I took up distance running around my 30th birthday and quickly learned that running can be a difficult and monotonous task. It is definitely hard work and many times mid-run I found myself questioning my leisure activity. People deal with this challenge in different ways. Many like to listen to music while they run but I find that just as boring. Others enter into a zen like trance. I had a habit of listening to podcasts and lecture series (yeah, I’m that nerdy history teacher). Now I enjoy this but most of my students would find it torturous and this post isn’t about my favorite pods (I’m looking at you political gabfest). No, one day when none of my favorites were updated I stumbled upon an app called Zombies Run!
This app blends a narrative and other game mechanics to transform the dull hard work of running into a more engaging and exciting experience. You, the runner, are “runner 5” stranded in a fortified outpost during a zombie apocalypse. Each run begins with a short warm-up introduction explaining your mission and pulling you further into the game world. You are rewarded for continuing the run with access to new pieces of the story every 3-5 minutes. Along the way, runners collect gameworld items used in the post run ‘town’ mini game. You even have to outrun zombies from time to time. The first time that happened I actually reflectively looked behind me! I guess this is auditory augmented reality. The point of this is that the Zombies, Run! group has managed to use game mechanics to improve the otherwise dull hard work of running.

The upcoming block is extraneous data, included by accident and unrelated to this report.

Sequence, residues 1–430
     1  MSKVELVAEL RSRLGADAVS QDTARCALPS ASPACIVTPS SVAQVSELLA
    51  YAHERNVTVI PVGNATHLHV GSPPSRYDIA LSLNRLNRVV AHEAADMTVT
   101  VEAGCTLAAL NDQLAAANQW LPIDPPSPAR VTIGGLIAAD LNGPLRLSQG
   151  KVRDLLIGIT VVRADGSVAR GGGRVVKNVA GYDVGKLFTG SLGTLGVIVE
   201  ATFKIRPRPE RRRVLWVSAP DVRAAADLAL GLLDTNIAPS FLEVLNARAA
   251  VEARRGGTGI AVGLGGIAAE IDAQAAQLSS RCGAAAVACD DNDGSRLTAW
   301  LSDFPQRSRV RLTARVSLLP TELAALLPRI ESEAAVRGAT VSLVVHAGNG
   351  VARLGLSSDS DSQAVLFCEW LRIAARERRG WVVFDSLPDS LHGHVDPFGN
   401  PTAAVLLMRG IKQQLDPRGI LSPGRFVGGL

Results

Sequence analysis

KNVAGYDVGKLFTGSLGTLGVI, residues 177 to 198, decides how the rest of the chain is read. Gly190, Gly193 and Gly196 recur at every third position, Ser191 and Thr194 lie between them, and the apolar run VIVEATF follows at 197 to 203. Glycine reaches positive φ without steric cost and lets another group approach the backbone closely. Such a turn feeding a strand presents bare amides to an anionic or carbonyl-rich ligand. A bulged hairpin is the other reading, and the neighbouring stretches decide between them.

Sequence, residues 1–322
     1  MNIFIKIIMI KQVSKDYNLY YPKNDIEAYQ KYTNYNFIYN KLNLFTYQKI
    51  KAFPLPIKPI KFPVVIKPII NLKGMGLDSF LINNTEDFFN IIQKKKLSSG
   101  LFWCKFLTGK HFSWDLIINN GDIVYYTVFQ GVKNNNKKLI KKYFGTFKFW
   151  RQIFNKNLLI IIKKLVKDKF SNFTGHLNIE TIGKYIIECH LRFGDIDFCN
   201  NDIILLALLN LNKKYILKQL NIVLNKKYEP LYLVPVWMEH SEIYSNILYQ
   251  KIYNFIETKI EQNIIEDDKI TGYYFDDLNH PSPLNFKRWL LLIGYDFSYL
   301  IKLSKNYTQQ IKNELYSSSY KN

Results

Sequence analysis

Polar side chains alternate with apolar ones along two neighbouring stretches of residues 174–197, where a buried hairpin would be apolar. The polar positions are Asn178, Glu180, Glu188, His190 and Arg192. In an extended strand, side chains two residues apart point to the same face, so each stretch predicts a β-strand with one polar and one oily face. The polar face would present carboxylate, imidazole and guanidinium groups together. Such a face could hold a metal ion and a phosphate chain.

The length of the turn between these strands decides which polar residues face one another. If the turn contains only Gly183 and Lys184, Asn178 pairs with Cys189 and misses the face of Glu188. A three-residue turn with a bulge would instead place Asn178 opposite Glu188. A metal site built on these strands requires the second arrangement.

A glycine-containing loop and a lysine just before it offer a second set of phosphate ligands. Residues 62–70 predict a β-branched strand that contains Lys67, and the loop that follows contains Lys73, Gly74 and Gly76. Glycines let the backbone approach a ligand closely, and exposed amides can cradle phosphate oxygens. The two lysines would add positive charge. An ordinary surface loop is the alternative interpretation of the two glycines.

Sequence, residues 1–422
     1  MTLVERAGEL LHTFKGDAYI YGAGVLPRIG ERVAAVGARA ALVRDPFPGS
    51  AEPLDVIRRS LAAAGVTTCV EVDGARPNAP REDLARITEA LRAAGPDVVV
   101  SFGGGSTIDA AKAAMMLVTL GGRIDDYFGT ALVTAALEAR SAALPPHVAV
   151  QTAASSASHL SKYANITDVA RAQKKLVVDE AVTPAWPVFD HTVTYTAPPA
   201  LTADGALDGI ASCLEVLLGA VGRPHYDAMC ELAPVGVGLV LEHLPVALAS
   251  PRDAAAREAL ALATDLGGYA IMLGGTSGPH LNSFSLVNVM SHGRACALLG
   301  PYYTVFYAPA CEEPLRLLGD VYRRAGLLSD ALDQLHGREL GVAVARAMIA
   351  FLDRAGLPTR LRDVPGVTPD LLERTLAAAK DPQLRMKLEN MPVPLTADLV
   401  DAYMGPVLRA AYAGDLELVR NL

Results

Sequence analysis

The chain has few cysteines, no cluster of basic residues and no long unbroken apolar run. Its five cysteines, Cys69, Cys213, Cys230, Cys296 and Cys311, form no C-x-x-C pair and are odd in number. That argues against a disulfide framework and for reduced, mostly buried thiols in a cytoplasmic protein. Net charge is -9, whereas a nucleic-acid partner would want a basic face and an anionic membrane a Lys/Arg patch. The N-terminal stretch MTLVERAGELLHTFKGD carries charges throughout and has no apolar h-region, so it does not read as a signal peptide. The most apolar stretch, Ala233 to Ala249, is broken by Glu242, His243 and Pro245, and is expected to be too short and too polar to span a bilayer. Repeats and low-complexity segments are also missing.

The current ed reform environment believes that using technology can reinvent classroom by moving basic content knowledge acquisition from the focus of in class activities to one that takes place outide of the classroom (in Flipped Models) or as a side station (Blended Learning models). The problem with this is that taking notes on digital content is dull, monotonous, hard work. Students that won’t do this work when the teachers is directing or at least monitoring certainly won’t do this when it is pushed into the students’ own time. Zombies, Run! and game inspired design can potentially offer solutions to this problem.
This semester I have developed a game narrative called ‘The History Underground’. I’ve taken my lectures and boiled them down to their essential themes. I’ve broken these down further into short 1-2 minute chunks centered on very clear topic. When combined the lectures are no more than 20 minutes long. The narrative is built into this structure with a short introduction and storyline updates every few segments. Students are ‘collector 10’ working with ‘Zed’ (played with awesome voice acting skill by myself) to tap into secret archives in a post-apocalyptic America controlled by a pseudo-dictatorship group callled ‘APOC’ – the Armed Protectors of the Constitution. Wonder where the inspiration for this story came from? Hmm?
The narrative and gamified structure has engaged more students and certainly improved completion rates, but I also know that not every student (game player) is motivated by the same game mechanic so I’ve also included leaderboards, badges, rewards, and a real world puzzle challenge (pics to come) to the Flipped Game. But more on this in another post.